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Four Tips On Finding A Nanny Through Care.com

July 28, 2017

 

I want to start by saying that, no, this is not a sponsored post.  I wanted to write this piece for any parents or caretakers who need child care and find themselves either out of options or are afraid to use the Internet to get help.  I was totally there myself a few months ago and want to share my story of what we did to find our new nanny that we absolutely love....

 

Finding quality, reliable child care is so much more difficult than I ever imagined.  I know for many families there are several factors at play -- location, cost, reliability for starters -- that make it pretty stressful at best, or even impossible at worst.  The stakes are never higher than when you're talking about your kids so we want the absolute best, safest option for them, while at the same time keeping our resources in mind.

 

Since Harlow was born we've had three nannies, all named Katie coincidentally ha!  The first two I found through friends which meant I got the gold medal, first-hand recommendation.  Sadly for us but happily for them, our first nanny went away to get her master's in Montessori education and our second nanny gave birth to her first child!  So we found ourselves back at the drawing board and fresh out of friend/family nanny hook-ups.

 

Which brought me to Care.com.  I'd seen it advertised and my first nanny (whom I adored) said she used to be on it while living in Texas.  But I still felt so nervous using the Internet to find someone to care for my daughter.  I am a world-class worrier, someone who thinks up the most unlikely scenario and frets over it.  So yeah, going online to hire a nanny freaked me out but I was also getting deeper in the weeds with my work and other responsibilities without any child care at all.  This was late spring so day cares were closing up for the summer; Harlow was already enrolled in actual day care but that doesn't start until the fall.  Faced with no other option as far as I could see, I made Mike sit down with me and together we started researching nannies on Care.com.

 

 

Tip #1: Create and post a job listing.  Don't just do a search for caregivers in your area.  We tried this initially, and I even messaged a few I liked by checking out their profiles.  That got me nowhere fast, and some didn't even message me back.  In fact, I felt like sometimes they were more skeptical of me than I was of them, which just rubbed me the wrong way.  

 

Then I saw I could create a job listing that allowed me to pretty thoroughly describe the type of person I was looking for and the particulars of the position, like how many days or hours a week, which side of town we live on, etc.  Once I posted it, I got over 40 responses within a week!  It was a lot to go through, but A) it made me feel confident I would find several contenders to interview, and B) I could pretty quickly weed out the ones I knew weren't a good fit based off their responses.  Like a few didn't even include a greeting and just said "this is how much I charge, I'm pretty busy, but maybe I can make an exception for you."  Pffffftttt thanks but no thanks.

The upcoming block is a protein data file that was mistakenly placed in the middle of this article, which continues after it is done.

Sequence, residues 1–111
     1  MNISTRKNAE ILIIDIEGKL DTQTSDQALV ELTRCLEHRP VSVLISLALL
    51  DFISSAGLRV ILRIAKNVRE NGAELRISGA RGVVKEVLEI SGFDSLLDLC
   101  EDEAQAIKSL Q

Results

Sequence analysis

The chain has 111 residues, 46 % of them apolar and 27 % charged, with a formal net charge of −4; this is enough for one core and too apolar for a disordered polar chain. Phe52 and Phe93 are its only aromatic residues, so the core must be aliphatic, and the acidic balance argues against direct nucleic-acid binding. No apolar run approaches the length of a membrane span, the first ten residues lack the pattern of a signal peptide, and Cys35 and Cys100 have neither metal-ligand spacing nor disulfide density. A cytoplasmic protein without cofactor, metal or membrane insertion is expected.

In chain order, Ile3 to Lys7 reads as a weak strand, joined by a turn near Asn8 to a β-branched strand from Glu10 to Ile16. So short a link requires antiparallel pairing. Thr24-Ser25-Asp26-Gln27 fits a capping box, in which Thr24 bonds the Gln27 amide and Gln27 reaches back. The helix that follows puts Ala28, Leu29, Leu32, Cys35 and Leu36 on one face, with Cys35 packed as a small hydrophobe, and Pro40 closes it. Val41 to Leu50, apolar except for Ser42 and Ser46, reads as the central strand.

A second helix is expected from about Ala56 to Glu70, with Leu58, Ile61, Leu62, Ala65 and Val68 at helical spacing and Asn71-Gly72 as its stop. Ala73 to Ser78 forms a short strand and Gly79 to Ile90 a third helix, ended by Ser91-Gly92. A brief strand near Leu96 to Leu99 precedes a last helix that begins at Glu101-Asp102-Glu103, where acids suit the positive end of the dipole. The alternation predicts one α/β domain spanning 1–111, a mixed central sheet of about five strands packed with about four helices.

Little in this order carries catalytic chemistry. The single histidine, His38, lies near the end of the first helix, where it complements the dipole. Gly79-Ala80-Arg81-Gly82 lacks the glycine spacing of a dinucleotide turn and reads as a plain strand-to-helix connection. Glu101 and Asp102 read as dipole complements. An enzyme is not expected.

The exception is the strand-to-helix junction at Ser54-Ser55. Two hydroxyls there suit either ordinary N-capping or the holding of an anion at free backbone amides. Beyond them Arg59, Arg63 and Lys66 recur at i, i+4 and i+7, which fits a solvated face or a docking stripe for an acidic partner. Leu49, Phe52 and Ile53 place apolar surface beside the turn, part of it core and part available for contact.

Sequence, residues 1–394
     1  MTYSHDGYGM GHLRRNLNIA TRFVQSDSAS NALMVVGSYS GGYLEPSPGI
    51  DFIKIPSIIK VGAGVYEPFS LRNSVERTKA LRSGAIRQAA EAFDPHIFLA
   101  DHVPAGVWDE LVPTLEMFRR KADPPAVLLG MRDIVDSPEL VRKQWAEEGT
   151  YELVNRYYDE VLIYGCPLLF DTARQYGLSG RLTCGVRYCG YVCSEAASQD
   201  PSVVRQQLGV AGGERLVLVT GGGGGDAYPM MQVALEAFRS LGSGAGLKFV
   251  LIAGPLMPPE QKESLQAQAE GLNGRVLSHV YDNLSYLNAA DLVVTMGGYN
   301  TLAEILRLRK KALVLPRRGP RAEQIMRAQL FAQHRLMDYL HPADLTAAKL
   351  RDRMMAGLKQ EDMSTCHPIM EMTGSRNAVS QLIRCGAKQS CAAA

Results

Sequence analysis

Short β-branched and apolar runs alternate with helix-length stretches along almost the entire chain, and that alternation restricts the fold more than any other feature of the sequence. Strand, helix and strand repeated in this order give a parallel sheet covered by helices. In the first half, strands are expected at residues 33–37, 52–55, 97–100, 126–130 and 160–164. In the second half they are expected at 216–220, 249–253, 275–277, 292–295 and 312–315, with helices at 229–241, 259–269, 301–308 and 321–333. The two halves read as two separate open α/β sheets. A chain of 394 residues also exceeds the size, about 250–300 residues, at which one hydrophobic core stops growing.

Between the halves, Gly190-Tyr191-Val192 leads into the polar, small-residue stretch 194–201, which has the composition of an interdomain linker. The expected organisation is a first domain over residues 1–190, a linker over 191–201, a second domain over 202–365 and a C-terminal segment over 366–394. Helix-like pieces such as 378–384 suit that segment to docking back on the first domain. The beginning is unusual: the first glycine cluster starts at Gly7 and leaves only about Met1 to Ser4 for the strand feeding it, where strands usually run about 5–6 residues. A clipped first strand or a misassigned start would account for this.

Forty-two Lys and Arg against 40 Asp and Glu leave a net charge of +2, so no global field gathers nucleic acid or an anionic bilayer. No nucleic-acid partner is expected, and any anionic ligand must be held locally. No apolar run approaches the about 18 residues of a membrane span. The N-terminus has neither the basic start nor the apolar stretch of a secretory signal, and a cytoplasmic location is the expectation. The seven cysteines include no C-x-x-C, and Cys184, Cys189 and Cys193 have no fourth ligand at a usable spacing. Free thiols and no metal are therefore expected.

The ones you do like you can mark as "Maybes" so you can quickly reference back to the real contenders.  I found this very helpful as my number of responses grew!

 

Also, each responding caregiver's message shows up like a new email in your job posting inbox.  It's easy to see which messages you haven't read, the ones you've replied to, and then go back and read your messaging history.  Trust me, this is really nice when your mom brain farts out and you can't remember the details of who's who.  We were doing this after Harlow went to bed at night and my brain power is usually running on E by that time!

 

Tip #2: Set up your interviews.  We narrowed down our list to our three favorites and started setting up interviews.  Ideally I would've done them over the weekend so Mike could be present but our schedules didn't allow that so I moved forward on my own. Here's what I would recommend:

  • Only schedule one interview a day.  This prevents you from getting overwhelmed and allows you to process your interview fully before you meet another candidate.  It's easier on you and more fair to them!  Plus it's hard as crap to do more than that and still keep to a child's schedule.  

 

  • Meet in a public place like a coffee shop or playground.  Clearly you want to meet in a public place the first time -- don't go inviting a pure stranger into your house!  Decide on somewhere near your house or wherever it is they'll be caring for your kid so that they're aware of what the drive/commute is like.  Bring your kid so that they have a chance to meet; this lets you gauge their personality and manner of being around children.  You definitely don't have to do this but I'm glad I did because it allowed me to judge the vibe between them and then with me, too.  Which is SO important: you want someone YOU feel like you can talk to openly and honestly.

 

  • Prepare a list of questions, and prepare to answer some yourself.  This one made me nervous because I was afraid I'd miss something important.  Thankfully Care.com has an awesome checklist of things to talk to a caregiver about during your interview.  I used many of the questions/talking points they provided and they were very useful. Obviously most of the Q&A will start with you (the parent) but they're going to have some questions for you, too.  The hardest of which is "what is your parenting style?"  That's not an easy thing to articulate.  A few things I'd suggest thinking about beforehand...

 

  • Do you use the word "no" with your child?

  • How would you want another person to discipline your child?

  • Are you comfortable with letting your caregiver drive your child to playgrounds, Mother Goose readings, etc?

  • What are activities you want to see your caregiver engage in with your kid?

  • How much (if any) TV time is allowed in your house?